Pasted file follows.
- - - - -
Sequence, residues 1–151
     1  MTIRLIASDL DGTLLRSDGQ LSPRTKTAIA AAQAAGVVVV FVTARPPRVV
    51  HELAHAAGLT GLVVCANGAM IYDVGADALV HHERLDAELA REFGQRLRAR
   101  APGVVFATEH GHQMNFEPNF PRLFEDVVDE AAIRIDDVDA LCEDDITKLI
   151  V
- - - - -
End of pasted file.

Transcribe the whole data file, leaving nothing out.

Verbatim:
Sequence, residues 1–151
     1  MTIRLIASDL DGTLLRSDGQ LSPRTKTAIA AAQAAGVVVV FVTARPPRVV
    51  HELAHAAGLT GLVVCANGAM IYDVGADALV HHERLDAELA REFGQRLRAR
   101  APGVVFATEH GHQMNFEPNF PRLFEDVVDE AAIRIDDVDA LCEDDITKLI
   151  V